This new form of jaggery would have a substantially higher mineral and vitamin content than traditional jaggery because it uses millets and coarse grains
Using millets and other coarse grains, the Uttar Pradesh Council of Sugarcane Research (UPCSR) is creating a nutritious alternative to traditional jaggery that will be much richer in nutrients. To develop the technology for mass production, the institution is collaborating with postdoctoral fellow Suchitra Singh. Singh has been awarded a Sparsh Fellowship by the Biotechnology Industry Research Assistance Council.
The idea is to use women's self-help groups (SHGs) for product distribution and sales. The UPCSR will train SHG women to distribute and sell the new product after the technology is established, with an emphasis on the food products it can be utilised in. Prior to mass production, the product will first undergo market testing.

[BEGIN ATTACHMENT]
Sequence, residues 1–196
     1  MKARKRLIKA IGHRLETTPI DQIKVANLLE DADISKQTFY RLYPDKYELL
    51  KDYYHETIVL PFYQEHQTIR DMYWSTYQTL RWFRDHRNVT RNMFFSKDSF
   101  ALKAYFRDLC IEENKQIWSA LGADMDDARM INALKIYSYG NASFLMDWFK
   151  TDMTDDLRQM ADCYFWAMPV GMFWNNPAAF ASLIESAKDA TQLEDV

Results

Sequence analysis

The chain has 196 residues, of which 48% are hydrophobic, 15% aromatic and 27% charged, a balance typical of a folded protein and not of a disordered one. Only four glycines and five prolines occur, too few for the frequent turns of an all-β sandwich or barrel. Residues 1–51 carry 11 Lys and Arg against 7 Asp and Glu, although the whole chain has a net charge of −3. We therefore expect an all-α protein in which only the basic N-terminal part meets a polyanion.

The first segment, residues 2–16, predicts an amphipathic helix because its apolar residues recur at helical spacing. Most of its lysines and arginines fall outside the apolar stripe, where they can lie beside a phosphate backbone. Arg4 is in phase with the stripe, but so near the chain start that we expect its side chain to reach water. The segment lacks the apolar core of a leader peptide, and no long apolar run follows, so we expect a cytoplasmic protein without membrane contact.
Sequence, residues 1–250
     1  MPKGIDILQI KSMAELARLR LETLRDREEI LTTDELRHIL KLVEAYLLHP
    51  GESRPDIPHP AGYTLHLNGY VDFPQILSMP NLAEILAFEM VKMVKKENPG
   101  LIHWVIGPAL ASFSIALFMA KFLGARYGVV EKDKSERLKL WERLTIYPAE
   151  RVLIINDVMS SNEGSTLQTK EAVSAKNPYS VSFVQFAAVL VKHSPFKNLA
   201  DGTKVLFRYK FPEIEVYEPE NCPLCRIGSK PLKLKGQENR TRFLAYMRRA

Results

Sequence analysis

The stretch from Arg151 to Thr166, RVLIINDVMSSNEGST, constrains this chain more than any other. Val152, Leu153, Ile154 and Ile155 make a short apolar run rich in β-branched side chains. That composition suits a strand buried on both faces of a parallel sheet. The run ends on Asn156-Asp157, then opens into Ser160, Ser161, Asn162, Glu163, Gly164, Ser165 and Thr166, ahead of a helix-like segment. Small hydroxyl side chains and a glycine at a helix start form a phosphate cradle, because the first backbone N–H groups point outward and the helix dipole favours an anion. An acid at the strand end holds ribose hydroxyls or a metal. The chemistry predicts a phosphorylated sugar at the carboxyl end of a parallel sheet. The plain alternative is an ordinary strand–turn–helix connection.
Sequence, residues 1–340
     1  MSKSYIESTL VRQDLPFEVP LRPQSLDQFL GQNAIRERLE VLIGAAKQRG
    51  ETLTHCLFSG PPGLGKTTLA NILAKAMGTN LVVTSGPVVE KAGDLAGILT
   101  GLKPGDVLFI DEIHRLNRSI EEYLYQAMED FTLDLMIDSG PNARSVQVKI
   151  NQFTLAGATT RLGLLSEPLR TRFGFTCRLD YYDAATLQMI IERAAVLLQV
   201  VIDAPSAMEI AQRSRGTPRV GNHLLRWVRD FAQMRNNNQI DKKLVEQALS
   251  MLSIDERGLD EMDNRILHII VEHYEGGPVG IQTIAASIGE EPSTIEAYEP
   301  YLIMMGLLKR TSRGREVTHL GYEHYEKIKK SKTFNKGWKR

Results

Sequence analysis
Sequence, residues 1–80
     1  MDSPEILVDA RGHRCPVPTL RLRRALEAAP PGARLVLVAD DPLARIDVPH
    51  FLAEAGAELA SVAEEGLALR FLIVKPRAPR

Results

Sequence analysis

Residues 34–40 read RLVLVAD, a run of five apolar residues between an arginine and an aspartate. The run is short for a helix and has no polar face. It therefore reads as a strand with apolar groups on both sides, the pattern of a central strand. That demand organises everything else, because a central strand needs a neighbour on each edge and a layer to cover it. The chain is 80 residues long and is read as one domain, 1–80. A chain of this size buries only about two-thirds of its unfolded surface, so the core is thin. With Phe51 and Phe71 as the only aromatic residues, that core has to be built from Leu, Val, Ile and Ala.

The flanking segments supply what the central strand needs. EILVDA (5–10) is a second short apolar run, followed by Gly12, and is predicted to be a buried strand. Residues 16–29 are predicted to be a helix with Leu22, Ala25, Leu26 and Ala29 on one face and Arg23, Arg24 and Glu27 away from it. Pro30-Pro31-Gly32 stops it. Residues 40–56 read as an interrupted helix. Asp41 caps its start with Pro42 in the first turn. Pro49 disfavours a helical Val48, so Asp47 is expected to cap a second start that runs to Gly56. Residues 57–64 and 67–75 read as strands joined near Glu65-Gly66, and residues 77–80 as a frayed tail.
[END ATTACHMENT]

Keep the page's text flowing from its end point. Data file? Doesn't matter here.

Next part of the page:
This action is consistent with the UN's declaration of 2023 as the International Year of Millets. The institute will commence training and provide infrastructure support for the SHG women.
Due to the utilisation of millets and coarse grains, this new variety of jaggery would have a significantly higher mineral and vitamin content than conventional jaggery. Especially in view of the current craze for organic and healthful foods, this is an encouraging development. Undoubtedly, the partnership between UPCSR and SHGs will bring about employment opportunities and offer consumers a more wholesome and secure food option.